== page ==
I often get called on to deal with family computer and/or data related mishaps. Disk imaging software has saved the day on several occasions recently.
The event that prompted this post actually happened a few weeks ago. Daughter #2 brought her 12 month old Acer laptop to me, complaining of random BSOD crashes. I took a quick look at it and noticed lots of suspicious symptoms straight away, for example the Windows security centre service was disabled and refused to restart, the AV system tray icon was not showing and the AV software itself wouldn’t start up. A boot into safe mode and a scan with Malware Bytes soon confirmed that the machine had been hosed by one of the many fake AntiVirus malware strains. The malware itself was able to be removed, but it had done extensive damage to the registry and the only option to ensure a full repair seemed to be a full re-install of Windows 7.
Just going off on an apparent tangent for a moment, manufacturers rarely provide physical media with a new computer. Instead, some kind of backup software is pre-installed which allows a set of physical media to be created by the end user. Whilst this seems like a good idea at first glance, my experience has been that it invariably fails utterly. The story almost always goes like this:
Amidst the excitement of getting a new laptop out of its box and having a shiny new toy to play with, the message that appears on screen requesting the creation of recovery media gets dismissed with a click on the ‘Not Now’ button.
The same prompt pops up again a bit later, by which time the owner is busy setting up their e-mail account, getting on to Facebook and posting ‘I haz new laptop’ status updates – the prompt once again gets dismissed.
Whilst this is going on, the operating system will have been silently downloading and installing updates in the background. Some of these will require a reboot, which irritates the owner because it interrupts the process of playing with the new toy.
At reboot time, the prompt for creation of recovery media appears again, only this time the owner notices that there is also a little tick box which says ‘Never remind me again’…
12 months down the line, the laptop has been used, abused and generally thrashed to within an inch of its life and suddenly starts playing up in some manner, or it gets hit with a virus. This is where I end up being asked to look at it. If it turns out that a new hard drive is required, or maybe (and more commonly, especially with a virus infestation) just a re-install of Windows to put everything back to a known clean state, the first thing I ask for is the recovery media. Inevitably the response to this is “The what?”. I patiently explain about recovery media and how they would have been prompted to create same when they first got the laptop. “Oh, yeah, I just ignored that. Was it important, then?” – at which point I’m in <herewegoagain> mode.
So, broken laptop, users data may or may not be intact, OS is definitely screwed, no data backup available. What to do? The last 3 times I’ve been in this situation, I’ve used a product called Macrium Reflect to get what I could off the broken machine prior to repair/rebuild. Together with an adapter cable to allow PATA/SATA drives to be hooked up to a USB port, recovering the data becomes a fairly straightforward, if sometimes time-consuming, exercise:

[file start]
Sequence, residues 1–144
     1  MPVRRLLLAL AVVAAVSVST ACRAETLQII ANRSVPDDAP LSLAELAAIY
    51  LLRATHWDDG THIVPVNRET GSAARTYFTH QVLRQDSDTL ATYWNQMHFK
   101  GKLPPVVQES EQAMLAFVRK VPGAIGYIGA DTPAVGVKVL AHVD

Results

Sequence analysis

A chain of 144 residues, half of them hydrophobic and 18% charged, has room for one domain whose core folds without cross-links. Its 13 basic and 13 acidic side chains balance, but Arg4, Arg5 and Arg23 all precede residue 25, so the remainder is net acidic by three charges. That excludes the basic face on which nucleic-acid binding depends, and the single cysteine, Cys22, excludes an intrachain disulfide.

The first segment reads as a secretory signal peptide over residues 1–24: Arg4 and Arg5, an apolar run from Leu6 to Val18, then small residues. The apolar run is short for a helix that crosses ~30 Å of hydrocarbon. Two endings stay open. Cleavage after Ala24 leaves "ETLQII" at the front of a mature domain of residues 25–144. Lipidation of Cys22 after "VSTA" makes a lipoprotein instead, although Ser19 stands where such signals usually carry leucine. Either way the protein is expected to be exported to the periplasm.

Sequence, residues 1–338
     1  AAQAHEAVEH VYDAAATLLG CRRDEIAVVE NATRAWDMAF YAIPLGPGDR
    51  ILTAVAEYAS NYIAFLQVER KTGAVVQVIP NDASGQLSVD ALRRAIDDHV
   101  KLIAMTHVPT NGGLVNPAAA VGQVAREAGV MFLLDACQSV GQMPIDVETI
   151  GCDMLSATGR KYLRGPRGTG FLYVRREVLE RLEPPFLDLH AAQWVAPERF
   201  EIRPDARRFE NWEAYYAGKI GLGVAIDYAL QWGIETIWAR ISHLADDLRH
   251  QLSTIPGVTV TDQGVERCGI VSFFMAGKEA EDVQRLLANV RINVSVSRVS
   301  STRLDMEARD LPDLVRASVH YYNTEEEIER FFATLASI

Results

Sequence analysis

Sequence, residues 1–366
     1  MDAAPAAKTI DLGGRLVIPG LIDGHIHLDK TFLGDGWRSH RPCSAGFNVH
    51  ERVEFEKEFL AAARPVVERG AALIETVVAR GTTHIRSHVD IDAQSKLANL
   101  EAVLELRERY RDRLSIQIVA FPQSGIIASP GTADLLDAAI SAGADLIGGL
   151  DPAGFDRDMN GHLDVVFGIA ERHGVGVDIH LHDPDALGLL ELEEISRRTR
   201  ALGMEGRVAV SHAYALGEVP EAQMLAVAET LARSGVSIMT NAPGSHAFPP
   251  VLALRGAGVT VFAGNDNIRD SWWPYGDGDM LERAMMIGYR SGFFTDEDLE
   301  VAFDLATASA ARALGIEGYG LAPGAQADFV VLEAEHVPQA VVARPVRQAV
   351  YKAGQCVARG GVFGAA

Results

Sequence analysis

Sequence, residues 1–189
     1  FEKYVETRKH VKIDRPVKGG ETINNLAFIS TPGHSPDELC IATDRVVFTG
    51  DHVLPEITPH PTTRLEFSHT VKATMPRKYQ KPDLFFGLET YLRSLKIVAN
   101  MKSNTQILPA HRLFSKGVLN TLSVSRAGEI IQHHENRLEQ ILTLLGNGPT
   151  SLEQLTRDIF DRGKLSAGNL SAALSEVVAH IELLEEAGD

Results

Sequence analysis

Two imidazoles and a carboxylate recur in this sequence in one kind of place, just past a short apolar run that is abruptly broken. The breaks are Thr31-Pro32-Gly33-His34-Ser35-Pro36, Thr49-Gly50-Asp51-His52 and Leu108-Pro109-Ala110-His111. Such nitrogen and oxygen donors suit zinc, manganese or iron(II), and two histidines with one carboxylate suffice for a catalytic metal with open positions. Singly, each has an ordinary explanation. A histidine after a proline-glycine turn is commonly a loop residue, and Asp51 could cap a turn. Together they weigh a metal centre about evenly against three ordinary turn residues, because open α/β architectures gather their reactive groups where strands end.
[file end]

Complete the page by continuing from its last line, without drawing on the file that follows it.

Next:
- Extract the hard drive from the broken machine, connect it to my computer and image it using Macrium Reflect
- Put the drive back in its host machine, launch the manufacturers factory recovery process and put the machine back to its default ‘out of the box’ state
- Remove the vendors assorted items of bloatware, re-install any required applications software and allow Windows to apply all outstanding updates
- Extract the hard drive from the now working machine, connect it to my computer and restore the users data (documents, pictures, videos, etc) from the disk image taken earlier
- Put the drive back into the host machine
With the machine now in a known good state, including all user data, it is possible at this point to create a second disk image using Macrium. This can be kept on offline storage (for example, an external hard drive) until such time as the machine breaks again or gets hit with another virus. Next time round, the recovery process is much simpler, needing only a restore of the second disk image to get everything back to normal in a single operation. Even better, Macrium can be installed on the machine you just repaired and configured to take a regular backup. Provided you’re careful with storage requirements, the end user is then keeping a copy of their own data in readiness for the next disaster that strikes them.
Macrium is free for personal use and registration for the full version is GBP £47.95 for a single machine licence, rising to GBP £95.90 for a ‘household’ licence which covers up to 4 machines. The licenced version adds incremental backup features, encryption of backed up data and integration with the Windows boot menu to allow easy recovery. I’ll make the usual disclaimer that I have no connection with Macrium Software other than as an very satisfied user of their products.